HIS DEATH AND CAUSE FOR BEATIFICATION
On June 7, 1926 he was taking his daily walk to the St Philip Neri church for his prayers and confession, Gaudí was hit by a tram. The people who witnessed the accident thought he was a beggar because of his unkempt appearance and having no identification in his pocket. He lost consciousness, and no one ever bothered taking him to the hospital. A public servant eventually took the skinny, old and injured Gaudí to the hospital, where he got only the rudimentary attention that a poor person would receive.
He was recognized the next day by the priest at the Sagrada Família, but it was too late – he died two days later, on June 10, 1926. He was 73 and spent over 40 years working at the Sagrada Familia. The residents of Barcelona mourned his death, grateful to “God’s Architect.” He was laid to rest in the crypt of the Sagrada Família, underneath his unfinished colossal and stunning sanctuary. The cause for his beatification was opened officially in Rome in 2003.
GOD’S CALL TO HOLINESS IS FOR EVERYONE
When we lose our focus on what is essential, it is likely that we will fail to realize that there is a path for every Christian to be holy. Gaudi remained focused on his journey to holiness. St Josemaria, the founder of Opus Dei said: “We have come to say that sanctity is not for a privileged few, that our Lord calls every one of us, that he expects love from everyone no matter where they are, whatever might be their state in life, their profession, or their position. Ordinary everyday life, with nothing showy about it, can be a means of sanctity. It is not necessary to abandon one’s state in the world to seek God (unless one is called to a religious life), for every path of life can be the occasion of an encounter with Christ.” (Letter 24 March 1930, no.1)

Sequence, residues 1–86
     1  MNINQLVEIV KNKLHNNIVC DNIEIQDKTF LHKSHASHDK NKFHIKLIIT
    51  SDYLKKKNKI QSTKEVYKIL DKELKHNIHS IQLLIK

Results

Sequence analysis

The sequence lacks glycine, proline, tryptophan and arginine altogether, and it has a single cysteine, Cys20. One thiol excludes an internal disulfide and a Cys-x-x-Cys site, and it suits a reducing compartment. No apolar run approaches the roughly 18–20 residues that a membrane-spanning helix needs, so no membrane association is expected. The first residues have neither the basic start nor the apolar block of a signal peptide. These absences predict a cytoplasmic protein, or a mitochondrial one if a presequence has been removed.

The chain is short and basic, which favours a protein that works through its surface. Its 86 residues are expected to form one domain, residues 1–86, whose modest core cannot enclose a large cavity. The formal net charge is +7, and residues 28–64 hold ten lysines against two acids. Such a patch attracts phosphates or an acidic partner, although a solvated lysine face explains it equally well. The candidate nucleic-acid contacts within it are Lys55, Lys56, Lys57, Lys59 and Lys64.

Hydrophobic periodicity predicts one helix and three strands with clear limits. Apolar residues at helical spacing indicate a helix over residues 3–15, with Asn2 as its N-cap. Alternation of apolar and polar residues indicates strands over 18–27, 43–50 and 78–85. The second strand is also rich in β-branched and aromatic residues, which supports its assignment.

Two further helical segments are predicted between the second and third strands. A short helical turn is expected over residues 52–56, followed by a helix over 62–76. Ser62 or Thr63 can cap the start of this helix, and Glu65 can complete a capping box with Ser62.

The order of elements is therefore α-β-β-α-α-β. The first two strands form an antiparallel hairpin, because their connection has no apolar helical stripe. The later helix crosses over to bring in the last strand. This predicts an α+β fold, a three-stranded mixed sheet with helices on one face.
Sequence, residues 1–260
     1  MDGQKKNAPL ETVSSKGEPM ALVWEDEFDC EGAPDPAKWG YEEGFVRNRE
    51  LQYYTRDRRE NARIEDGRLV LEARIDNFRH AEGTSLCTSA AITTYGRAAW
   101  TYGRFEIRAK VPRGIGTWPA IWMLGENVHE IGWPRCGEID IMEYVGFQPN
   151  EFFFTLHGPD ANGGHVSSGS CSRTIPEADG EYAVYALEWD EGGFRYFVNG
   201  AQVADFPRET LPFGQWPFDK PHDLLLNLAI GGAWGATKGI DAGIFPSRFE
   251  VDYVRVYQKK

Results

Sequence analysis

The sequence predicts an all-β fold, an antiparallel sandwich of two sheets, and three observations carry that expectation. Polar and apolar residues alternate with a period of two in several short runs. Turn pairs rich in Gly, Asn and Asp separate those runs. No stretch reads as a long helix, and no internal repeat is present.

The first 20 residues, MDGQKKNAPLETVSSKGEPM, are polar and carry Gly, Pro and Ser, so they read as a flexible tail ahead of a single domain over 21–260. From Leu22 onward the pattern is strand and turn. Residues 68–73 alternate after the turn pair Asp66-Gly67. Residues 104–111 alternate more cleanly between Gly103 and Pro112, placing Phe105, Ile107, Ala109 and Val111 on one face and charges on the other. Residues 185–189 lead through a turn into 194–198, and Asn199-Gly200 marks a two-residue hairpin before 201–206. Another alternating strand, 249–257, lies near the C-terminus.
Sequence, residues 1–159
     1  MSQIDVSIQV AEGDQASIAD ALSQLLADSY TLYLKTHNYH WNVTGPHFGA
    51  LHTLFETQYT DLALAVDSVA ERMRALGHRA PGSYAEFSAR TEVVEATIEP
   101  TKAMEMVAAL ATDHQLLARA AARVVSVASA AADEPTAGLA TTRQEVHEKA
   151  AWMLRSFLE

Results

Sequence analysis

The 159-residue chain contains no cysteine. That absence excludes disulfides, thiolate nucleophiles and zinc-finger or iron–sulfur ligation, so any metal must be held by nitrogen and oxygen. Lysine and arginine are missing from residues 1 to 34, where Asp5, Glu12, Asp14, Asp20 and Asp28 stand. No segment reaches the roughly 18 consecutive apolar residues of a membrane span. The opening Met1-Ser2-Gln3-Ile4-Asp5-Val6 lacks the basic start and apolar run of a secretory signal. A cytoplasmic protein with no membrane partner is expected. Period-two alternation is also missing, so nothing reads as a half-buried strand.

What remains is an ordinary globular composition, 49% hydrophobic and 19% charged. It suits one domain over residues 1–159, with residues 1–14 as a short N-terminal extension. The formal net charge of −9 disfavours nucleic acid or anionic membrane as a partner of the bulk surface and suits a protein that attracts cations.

Monsignor Fernando Ocariz, the present Prelate of Opus Dei said that sanctifying work, as St Josemaria understood it means “making one’s work a real offering to God” and this implies two things: 1) “seeking to do work well, because if I truly believe this act is an offering to God, it would be absurd not to do it well “; and 2) “having the correct intention to seek to serve God and others through this particular work.” (J. L. Allen, Jr. Opus Dei, published by Doubleday, p. 79) This is an invitation for everyone to discover a hidden treasure in small things accomplished with love and perfection. One must become a saint in and through the fulfilling of one’s service to society, service to one’s neighbor, service to family and in one’s professional work. Thus, St Josemaria’s famous exhortation is: “sanctify work, sanctify oneself in work, and sanctify others through work.”
COMPLETION OF GAUDI’S MAGNIFICENT WORK
Gaudi’s work, Sagrada Familia, is expected to be completed in 2026, in time for the 100th anniversary of “Gods Architect’s” death. I do not think that there could be a more fitting tribute to the man than to see the basilica, to which he devoted 43 years of his life working with all devotion and efficiency, to finally come to its completion. It would be another chance to visit the Basilica of Sagrada Familia one more time.